From the Deputy Director for Intramural Research

Celebrating the Global Community of Scientists at the NIH

BY MICHAEL GOTTESMAN, DDIR

The United States has benefited from a huge influx of highly educated and talented biomedical researchers from other countries. Their desire for an outstanding research experience is matched by our open and inclusive attitude towards our international colleagues in providing opportunities (including salary and research support) to pursue important research. The NIH intramural research program is perceived as being one of the top research facilities in the world.

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U.S. Senator Harry Reid Visits NIH

Senate majority leader Harry Reid (D-Nev.) visited NIH on June 17, 2013, and met with Clinical Center Director John Gallin (left) and NIH Director Francis Collins (right) and others to tour the Clinical Center (model shown) and to learn about recent advances in NIH science.

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Four Generations of Mentors and More

Great mentoring produces great scientists, great science, and more great mentoring. Nowhere is this adage more evident than at the National Institute of Drug Abuse (NIDA), where four successful mentors were recognized at its annual Poster Day and Mentoring Awards Ceremony, held on May 8, 2013, in Baltimore. And three of the awardees represent a line of four generations of mentors.

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Alumni News

An Interview with Hynda Kleinman

The Matrigel-Maker’s Story

Hynda Kleinman, who worked at NIH from 1975 to 2006, revolutionized cell-culture research when she co-invented Matrigel at NIH in the 1980s. Until then, scientists mainly grew cells in a flat layer in plastic culture dishes, but Matrigel made it possible to grow cells in a three-dimensional matrix that closely resembles the natural environments in which most mammalian cells grow. In a recent interview with the NIH Catalyst, Kleinman shared some of the secrets of her success, including how she came to be listed in the credits of a classic movie.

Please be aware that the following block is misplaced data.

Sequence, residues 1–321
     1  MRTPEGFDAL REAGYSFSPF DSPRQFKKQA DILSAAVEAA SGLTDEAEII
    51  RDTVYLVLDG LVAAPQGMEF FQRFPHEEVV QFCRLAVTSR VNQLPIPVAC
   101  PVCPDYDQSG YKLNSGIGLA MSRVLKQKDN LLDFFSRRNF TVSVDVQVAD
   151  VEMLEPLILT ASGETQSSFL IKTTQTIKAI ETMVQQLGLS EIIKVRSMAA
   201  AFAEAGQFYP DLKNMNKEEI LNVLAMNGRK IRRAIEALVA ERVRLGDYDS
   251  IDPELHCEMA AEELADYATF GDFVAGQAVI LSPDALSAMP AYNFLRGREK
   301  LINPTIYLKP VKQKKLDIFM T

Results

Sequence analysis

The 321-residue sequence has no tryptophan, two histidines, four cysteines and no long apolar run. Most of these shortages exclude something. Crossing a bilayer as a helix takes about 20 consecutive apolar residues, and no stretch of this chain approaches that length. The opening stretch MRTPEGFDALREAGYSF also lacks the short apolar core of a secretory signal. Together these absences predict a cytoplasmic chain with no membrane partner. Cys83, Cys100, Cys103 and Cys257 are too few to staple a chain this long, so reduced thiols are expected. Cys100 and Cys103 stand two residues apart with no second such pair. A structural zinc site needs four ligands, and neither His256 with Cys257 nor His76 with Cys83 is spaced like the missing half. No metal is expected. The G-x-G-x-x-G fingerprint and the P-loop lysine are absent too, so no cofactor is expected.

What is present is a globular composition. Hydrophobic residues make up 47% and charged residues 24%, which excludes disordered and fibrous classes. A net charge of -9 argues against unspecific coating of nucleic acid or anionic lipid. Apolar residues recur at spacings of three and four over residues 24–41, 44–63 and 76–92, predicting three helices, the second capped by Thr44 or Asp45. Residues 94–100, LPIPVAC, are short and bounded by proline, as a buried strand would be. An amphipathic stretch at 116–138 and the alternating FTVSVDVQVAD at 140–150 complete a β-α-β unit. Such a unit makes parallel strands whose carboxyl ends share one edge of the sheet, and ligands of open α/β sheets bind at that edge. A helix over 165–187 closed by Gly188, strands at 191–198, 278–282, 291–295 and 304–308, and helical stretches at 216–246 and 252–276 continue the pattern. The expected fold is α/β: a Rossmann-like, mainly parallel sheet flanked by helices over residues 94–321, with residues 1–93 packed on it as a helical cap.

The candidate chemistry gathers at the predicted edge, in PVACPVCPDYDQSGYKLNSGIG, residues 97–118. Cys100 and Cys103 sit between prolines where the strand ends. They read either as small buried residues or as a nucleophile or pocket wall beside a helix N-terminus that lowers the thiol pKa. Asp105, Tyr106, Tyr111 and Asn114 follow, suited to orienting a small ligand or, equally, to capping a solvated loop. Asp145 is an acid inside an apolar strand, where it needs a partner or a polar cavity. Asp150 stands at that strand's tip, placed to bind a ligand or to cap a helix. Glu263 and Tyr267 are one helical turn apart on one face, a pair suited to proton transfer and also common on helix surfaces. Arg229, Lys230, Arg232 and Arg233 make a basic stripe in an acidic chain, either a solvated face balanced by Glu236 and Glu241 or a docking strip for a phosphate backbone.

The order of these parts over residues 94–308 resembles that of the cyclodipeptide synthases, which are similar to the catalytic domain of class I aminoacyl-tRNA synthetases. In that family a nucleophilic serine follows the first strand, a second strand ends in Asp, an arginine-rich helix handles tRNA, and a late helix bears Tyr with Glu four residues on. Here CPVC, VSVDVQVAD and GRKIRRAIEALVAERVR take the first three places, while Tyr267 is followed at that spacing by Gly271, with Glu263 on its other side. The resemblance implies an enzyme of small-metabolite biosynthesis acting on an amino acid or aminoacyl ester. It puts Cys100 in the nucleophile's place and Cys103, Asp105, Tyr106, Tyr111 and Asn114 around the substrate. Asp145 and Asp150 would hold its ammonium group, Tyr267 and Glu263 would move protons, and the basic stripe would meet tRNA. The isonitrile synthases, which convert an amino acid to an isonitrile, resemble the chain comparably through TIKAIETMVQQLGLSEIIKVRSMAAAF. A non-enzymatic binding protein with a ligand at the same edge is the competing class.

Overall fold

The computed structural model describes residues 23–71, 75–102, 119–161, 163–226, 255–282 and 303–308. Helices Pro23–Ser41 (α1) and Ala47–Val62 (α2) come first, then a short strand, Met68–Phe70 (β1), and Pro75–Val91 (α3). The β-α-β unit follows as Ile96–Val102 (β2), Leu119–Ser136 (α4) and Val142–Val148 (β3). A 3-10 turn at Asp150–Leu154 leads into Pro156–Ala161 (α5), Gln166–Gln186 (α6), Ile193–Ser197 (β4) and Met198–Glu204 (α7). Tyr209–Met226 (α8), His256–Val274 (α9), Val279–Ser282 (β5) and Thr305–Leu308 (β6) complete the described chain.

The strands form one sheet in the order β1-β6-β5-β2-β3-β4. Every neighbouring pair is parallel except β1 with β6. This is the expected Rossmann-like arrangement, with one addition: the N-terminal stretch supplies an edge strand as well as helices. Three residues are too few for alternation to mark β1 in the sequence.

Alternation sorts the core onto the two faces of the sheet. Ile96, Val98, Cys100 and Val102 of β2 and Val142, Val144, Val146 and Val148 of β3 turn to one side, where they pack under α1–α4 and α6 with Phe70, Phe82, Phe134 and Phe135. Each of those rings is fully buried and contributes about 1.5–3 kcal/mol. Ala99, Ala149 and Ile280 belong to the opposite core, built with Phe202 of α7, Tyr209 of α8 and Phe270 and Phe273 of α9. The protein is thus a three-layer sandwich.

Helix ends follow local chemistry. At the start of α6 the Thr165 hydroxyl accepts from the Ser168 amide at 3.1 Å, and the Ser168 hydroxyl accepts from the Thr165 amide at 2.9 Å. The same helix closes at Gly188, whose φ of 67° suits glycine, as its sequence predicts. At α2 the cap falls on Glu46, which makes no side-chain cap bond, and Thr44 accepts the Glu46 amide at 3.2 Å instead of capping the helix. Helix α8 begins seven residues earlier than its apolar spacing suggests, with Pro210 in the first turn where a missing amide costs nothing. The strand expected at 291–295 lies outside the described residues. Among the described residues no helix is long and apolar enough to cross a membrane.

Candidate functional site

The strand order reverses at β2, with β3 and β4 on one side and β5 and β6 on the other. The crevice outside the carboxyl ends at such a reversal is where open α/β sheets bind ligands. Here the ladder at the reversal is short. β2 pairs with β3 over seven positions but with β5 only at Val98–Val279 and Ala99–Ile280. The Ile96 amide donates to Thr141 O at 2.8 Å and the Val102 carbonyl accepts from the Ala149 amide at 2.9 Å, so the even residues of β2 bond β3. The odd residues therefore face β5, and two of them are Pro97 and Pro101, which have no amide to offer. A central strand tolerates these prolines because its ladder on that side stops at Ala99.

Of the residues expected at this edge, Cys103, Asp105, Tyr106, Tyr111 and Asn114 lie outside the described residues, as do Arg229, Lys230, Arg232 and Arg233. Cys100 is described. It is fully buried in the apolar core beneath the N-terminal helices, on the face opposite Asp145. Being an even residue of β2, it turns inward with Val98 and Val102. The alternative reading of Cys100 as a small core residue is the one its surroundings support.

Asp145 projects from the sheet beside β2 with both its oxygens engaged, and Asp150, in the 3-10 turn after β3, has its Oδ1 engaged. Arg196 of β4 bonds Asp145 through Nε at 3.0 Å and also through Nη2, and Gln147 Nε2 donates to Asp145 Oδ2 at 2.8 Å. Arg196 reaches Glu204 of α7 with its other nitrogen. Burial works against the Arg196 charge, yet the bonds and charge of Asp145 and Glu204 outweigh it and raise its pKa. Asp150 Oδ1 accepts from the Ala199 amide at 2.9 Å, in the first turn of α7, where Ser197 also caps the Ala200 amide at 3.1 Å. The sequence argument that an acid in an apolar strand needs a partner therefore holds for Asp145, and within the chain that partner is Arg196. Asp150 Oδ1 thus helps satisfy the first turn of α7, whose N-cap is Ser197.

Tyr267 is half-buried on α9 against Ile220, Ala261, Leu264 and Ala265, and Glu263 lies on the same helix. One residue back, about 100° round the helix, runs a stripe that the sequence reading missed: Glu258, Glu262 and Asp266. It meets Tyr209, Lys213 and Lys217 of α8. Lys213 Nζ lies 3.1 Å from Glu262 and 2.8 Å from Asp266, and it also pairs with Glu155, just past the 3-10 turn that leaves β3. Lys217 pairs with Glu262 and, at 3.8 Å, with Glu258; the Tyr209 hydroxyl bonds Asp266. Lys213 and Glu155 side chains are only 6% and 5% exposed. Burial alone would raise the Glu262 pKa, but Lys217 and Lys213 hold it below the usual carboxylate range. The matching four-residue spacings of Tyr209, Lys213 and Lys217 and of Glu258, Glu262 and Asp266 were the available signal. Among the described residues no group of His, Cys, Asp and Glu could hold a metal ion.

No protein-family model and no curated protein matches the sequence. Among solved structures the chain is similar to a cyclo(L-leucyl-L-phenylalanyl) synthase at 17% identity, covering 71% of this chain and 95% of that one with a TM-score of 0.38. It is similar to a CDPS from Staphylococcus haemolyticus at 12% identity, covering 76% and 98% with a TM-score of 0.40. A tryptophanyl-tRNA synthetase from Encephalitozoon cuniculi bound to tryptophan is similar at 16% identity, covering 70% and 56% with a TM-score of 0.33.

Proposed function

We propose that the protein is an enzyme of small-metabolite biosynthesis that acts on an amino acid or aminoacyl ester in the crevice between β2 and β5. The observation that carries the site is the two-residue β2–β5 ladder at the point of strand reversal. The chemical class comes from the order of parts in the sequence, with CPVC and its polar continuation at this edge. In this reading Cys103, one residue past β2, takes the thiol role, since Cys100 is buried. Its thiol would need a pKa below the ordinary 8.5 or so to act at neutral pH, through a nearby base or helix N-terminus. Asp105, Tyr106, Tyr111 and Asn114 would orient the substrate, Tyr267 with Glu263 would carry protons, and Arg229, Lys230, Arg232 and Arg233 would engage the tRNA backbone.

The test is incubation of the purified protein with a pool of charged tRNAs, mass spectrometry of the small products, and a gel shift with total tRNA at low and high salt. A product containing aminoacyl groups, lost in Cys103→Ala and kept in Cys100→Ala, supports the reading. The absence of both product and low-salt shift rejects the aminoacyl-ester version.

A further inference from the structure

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Alumni News

Tee L. Guidotti, a former clinical associate in the National Institute of Metabolism and Digestive Diseases (1977 to 1979) who is considered a thought leader in the field of occupational and environmental medicine, was recently awarded the William S. Knudsen Award for Lifetime Career Achievement in Occupational and Environmental Medicine.

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Colleagues: Recently Tenured

Meet your recently tenured colleagues: Michael Grigg (NIAID) and Sushil Rane (NIDDK)

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News You Can Use

Blogging About Your Science

Do you blog and tweet for work? NIH Director Francis Collins does both: On his NIH Director’s Blog, he highlights new discoveries in, and fascinating facts about, biology and medicine; you can also follow him on Twitter as he tweets about biomedical research and health. Several institutes and centers (ICs) are also using social media as a part of their overall communication strategy. Have you considered blogging about your research? Here are a few things you need to know.

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Research Briefs

NIH announced recently that it plans to substantially reduce the use of chimpanzees in NIH-funded biomedical research and to designate for retirement most of the chimpanzees it currently owns or supports. In addition, NIH researchers report on such discoveries as how HIV kills immune cells; the link between allergic and autoimmune diseases; how anti-smoking medication may help treat alcohol dependence; and more. 

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NIH in History

NIH's early HIV Test Kit on Display in NYC until September 15

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The Training Page

FROM THE OFFICE OF INTRAMURAL TRAINING AND EDUCATION

The NIH Academy

For the past eight months, I have been one of more than 100 postbacs who attend the NIH Academy’s weekly meetings to wrestle with the hottest topic in public health: health disparities. The term “health disparities” refers to inequalities in vulnerable populations in rates of disease incidence, prevalence, morbidity, and mortality.

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The SIG Beat

Scientific Interest Group news this issue: The Natural Products SIG is the new SIG in town and the Neurodevelopmental Disorders SIG is returning. 

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Announcements

See what's happening at NIH this summer and fall. 

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